A nurse in protective gear greets a woman entering the Seven Oaks Long-Term Care Home in Scarborough, Ontario last week. Sixteen deaths at the home have now been linked to COVID-19. Four other deaths are being investigated. (Frank Gunn/Canadian Press) 

COVID-19’s attack on seniors’ facilities remains relentless

Covid-19 continues to ravage residents of long-term care facilities in central Canada.

Authorities in Ontario on Wednesday reported eight more deaths linked to the virus at the Seven Oaks Long-Term Care Home in Scarborough, bringing the number of deaths at the facility to 16.

Toronto’s medical officer of health, Dr. Eileen de Villa, told reporters that four other deaths are also being investigated.

“Unfortunately we anticipate that there may be additional deaths among those residents who have become ill with COVID-19 over the past few weeks,” de Villa said, adding that there are 45 confirmed cases and 56 probable cases of COVID-19 among Seven Oaks’ 249 residents. 

There are also 13 confirmed cases among staff members, she said.

Twenty-eight persons linked at the Pinecrest Nursing Home, in Bobcaygeon, Ont., have died of COVID-19 complications. (Evan Mitsui/CBC)

The news follows Monday’s announcement that three people died on the weekend at the Pinecrest Nursing Home in Bobcaygeon, about 150 kilometres northeast of Toronto, bringing the total of deaths linked to that facility to 27.

That number rose to 28 later that day when another resident died.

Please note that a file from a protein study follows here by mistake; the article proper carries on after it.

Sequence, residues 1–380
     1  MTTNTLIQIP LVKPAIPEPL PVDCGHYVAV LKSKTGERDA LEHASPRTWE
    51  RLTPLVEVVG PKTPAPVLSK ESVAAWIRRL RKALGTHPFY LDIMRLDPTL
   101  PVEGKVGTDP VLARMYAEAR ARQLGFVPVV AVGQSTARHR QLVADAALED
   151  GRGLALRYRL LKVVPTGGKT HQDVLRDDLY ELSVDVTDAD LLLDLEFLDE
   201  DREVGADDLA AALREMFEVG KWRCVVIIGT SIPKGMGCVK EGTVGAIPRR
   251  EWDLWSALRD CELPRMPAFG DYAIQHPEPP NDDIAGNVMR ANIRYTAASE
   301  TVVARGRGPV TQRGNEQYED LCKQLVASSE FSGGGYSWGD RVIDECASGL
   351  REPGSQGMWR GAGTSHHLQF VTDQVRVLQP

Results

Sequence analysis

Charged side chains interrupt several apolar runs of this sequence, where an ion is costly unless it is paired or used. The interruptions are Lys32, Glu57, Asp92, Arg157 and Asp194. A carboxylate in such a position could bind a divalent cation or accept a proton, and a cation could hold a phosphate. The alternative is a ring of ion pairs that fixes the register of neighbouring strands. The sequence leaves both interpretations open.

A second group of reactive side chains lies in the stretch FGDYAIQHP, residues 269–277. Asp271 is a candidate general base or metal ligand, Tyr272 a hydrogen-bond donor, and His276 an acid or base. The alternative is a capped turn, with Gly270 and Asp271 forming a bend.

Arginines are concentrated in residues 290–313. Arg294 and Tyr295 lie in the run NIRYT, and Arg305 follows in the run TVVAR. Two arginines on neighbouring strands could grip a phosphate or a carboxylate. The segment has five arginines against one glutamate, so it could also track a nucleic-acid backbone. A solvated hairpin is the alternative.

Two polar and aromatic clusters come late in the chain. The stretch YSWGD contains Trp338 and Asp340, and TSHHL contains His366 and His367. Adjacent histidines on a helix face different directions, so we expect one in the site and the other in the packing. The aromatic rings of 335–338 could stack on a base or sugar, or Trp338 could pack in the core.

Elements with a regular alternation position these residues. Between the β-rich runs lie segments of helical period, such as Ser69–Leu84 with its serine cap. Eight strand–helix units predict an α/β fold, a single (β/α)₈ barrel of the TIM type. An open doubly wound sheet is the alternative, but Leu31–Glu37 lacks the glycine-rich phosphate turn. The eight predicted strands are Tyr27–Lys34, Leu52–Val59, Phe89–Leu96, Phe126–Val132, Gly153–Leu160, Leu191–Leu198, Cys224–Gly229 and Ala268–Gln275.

Pinecrest normally houses 65 residents. 

A resident of Bobcaygeon, Ontario displayed a sign last weekend thanking frontline workers for their COVID-19 efforts. (Michael Wilson/CBC)

Meanwhile, in neighbouring Quebec, Premier François Legault said everyone in the province’s long-term care homes (CHSLDs) — employees and residents — will be systematically tested for COVID-19.

Thirteen people have died from COVID-19 at the CHSLD de Sainte-Dorothée. Residents of long-term care homes account for nearly 45 per cent of the total deaths related to the outbreak in Quebec. (Ryan Remiorz/The Canadian Press)

And Health Minister Danielle McCann promised improvements after nurses at a long-term care home in Montreal suburb where 13 patients have died said the conditions for both staff and patients are inhumane.

More than 100 patients at the CHSLD de Sainte-Dorothée, as well as 50 staff, have tested positive for COVID-19.

The CBC’s Kate McKenna, Sarah Leavitt and Benjamin Shingler report that one nurse, who was moved from her post in an emergency room to help at the CHSLD as the virus continued to spread, described how they received almost no instruction or information on how the home operated prior to starting work. 

“It was extremely rough,” the nurse said in an interview Wednesday. 

“We had to figure out everything on our own.”

With files from CBC News (Kate McKenna,Sarah Leavitt, Benjamin Shingler, Kamila Hinkson, Verity Stevenson). RCI

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